- Had I been able to do what reporters were able to – go out on the floor after the close of debate, to interview the likes of Wes Skoglund and Ellen Anderson and Linda Berglin – I could have gone a long way toward presenting the public a much better, clearer, more complete accounting of the issue than they got from the mainstream media – which, to be fair, had come a long way, at least in terms of fairness, in the previous seven years.
- I would not get that chance – because I was not “the media”. I was just a mere peasant with a blog. And that just didn’t count, back then.
The media landscape has changed since 2003 – a lot. And Minnesota has led the way; bloggers, especially conservatives, have blazed the trail for the rest of the alternative media, knocking down walls that had stood for generations between “media” and democracy.
But not in the Minnesota state capitol.
As of the beginning of this session, there were two ways to get media credentials to the Minnesota State Senate:
- Be a reporter who worked for a short list of old-media outlets that were spelled out, word for word, in the Senate Rules; newspapers like the Strib and the PiPress; radio stations like WCCO and KSTP-AM, which hasn’t deployed a fulltime reporter to the Capitol since Cathy Wurzer worked there, back when I worked there, in 1986, and MPR. The big TV stations. And that was about it.
- Get vouched in with the Sergeant at Arms by a Senator or caucus staffer. These were usually “day passes” – short-term access to cover debates on hot-button issues.
It was both an anachronism – there is no mention of new media anywhere in the Senate rules – and a political football. Things came to a head in the 2009-2010 session, as the DFL caucus gave credentials to “The Uptake” – a very liberal group videoblog – but denied them to Saint Cloud conservative talk show host Dan Ochsner for being “partisan”.
The worm looked like it was turning this session; early on, the the Senate, now controlled by the MNGOP, denied credentials to all partisan news outlets, including the Uptake.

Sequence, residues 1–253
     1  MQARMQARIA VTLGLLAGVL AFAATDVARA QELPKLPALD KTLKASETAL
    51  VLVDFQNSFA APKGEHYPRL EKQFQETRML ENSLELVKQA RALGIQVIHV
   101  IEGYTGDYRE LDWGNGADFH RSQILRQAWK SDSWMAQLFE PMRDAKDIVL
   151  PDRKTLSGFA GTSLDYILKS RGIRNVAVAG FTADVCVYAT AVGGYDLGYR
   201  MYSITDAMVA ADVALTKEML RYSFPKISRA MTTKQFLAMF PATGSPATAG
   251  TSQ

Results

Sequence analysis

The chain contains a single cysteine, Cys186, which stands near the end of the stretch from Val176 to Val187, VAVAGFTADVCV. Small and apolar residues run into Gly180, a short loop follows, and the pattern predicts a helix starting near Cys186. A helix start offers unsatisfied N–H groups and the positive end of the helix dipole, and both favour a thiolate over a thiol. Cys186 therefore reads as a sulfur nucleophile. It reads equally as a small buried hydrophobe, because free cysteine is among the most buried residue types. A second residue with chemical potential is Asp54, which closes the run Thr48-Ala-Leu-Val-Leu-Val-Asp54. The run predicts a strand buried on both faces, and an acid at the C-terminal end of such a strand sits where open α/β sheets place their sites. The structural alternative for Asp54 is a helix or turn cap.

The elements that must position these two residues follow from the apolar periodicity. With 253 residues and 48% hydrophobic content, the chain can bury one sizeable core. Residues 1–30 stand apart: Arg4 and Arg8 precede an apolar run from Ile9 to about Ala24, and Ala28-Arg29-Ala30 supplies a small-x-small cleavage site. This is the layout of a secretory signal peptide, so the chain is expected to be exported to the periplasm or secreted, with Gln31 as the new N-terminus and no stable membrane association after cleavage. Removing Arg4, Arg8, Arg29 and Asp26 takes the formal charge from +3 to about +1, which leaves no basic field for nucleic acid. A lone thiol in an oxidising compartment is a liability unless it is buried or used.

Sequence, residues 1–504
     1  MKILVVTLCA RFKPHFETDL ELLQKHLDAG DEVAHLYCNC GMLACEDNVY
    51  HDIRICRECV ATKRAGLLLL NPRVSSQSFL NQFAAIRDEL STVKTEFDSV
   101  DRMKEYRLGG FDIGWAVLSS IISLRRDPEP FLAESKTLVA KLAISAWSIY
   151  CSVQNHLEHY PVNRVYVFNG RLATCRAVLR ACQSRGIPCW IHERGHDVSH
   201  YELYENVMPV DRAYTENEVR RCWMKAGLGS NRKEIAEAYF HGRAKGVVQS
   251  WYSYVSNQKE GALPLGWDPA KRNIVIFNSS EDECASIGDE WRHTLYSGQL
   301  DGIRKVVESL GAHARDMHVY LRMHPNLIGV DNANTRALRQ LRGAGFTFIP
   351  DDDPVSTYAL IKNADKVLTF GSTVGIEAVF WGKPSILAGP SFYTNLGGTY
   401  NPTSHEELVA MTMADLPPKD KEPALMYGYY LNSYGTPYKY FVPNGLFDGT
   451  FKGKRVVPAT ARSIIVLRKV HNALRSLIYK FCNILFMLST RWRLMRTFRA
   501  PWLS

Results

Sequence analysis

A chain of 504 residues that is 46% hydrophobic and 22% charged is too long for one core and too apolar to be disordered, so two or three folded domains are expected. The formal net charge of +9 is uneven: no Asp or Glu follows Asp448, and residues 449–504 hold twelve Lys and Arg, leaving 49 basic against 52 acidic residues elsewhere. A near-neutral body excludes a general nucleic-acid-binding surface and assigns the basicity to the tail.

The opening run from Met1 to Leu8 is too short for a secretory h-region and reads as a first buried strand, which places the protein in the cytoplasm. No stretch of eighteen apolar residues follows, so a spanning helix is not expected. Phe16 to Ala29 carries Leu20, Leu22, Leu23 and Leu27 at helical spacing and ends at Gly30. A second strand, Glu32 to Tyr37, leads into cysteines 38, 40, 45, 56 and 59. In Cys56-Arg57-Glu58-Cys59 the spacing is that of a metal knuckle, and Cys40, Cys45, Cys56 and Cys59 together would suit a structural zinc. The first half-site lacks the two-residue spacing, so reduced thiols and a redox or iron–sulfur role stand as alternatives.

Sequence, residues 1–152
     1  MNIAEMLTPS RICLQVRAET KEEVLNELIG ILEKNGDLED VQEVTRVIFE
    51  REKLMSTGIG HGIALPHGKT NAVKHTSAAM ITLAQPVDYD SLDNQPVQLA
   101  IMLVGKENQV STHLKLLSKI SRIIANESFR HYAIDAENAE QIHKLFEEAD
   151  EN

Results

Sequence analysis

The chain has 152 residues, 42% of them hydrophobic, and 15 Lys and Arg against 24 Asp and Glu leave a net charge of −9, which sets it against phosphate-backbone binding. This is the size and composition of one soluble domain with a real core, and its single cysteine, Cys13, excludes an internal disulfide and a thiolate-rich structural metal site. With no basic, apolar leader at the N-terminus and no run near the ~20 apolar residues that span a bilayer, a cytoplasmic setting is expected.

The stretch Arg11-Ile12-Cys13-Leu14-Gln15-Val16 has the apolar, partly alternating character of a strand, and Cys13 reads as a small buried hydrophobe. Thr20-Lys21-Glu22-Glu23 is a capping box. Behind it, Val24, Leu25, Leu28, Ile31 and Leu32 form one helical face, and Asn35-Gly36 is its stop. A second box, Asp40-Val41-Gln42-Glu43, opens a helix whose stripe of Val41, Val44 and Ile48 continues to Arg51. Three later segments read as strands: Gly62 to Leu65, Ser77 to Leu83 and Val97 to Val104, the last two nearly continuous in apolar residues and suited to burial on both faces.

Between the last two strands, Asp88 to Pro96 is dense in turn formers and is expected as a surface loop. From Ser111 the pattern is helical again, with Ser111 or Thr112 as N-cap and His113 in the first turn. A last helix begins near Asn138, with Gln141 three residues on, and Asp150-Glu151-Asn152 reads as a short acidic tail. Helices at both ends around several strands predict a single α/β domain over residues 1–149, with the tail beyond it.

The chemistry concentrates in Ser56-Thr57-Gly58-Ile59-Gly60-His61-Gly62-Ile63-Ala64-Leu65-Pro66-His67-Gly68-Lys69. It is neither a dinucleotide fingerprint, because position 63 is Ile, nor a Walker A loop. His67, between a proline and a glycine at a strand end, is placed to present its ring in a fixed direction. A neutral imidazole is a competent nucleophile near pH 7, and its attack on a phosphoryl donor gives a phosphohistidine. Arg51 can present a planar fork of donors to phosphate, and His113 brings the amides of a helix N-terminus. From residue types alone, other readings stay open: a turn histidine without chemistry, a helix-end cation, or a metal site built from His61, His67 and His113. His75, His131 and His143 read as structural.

This was the road to madness – and, likely, litigation.
About this time a month ago, Senate GOP Caucus Communications director Michael Brodkorb – who is also the deputy chair of the MNGOP, a former blog star from his days running Minnesota Democrats Exposed, and incidentally my former “Northern Alliance Radio Network” colleague – asked MinnPost’s David Brauer and I to participate in a working group to revamp the rules. The goals were pretty simple; to…:
- Remove the partisanship from the process of determining who was a “journalist” and, more germanely, which “journalists” got credentials.
- Set up a fair, transparent, non-partisan process for apportioning these press credentials that both protected the interests of the legacy media (which have invested a lot of time and money in covering the Capitol over the years) with the imperative to legitimize and normalize access from the New Media.
- Make the process fast, simple and inexpensive for the non-partisan Senate staffers – the Sergeant at Arms’ office, the Senate Information Office and the Department of Administration – to run, and to add no extra burden or, in these cost-conscious times, expense to the process of administering press credentials.
Brauer was there in his rather unique capacity as both a vet of the mainstream media and a reporter for a site that is a little bit old and a little bit new-media. Me? Although I’ve worked in the MSM, I was there mostly to represent new and, I suspect, explicitly partisan media.
On both the left and the right.
Last week, the working group – Brodkorb, Brauer, Majority Caucus staffer Cullen Sheehan, minority-caucus staffer Beau Berentson, Sergeant-at-Arms Sven Lindquist and me – had its last meeting, and handed off our final recommendations. The recommendations went through the (non-partisan) lawyers, past us for one more round of making sure the lawyers were saying what we thought we were saying, and, today, to the Senate Rules Committee where, if all goes according to plan, Brauer and I will be testifying later this afternoon.
Here’s what would happen if Senators approve our recommendations:
The Sergeant-at-Arms — a nonpartisan staffer — would administer the credentialing process. Senators and partisan staff are expressly prohibited from intervening unless a journalist appeals his or her rejection. (More on that in a bit.)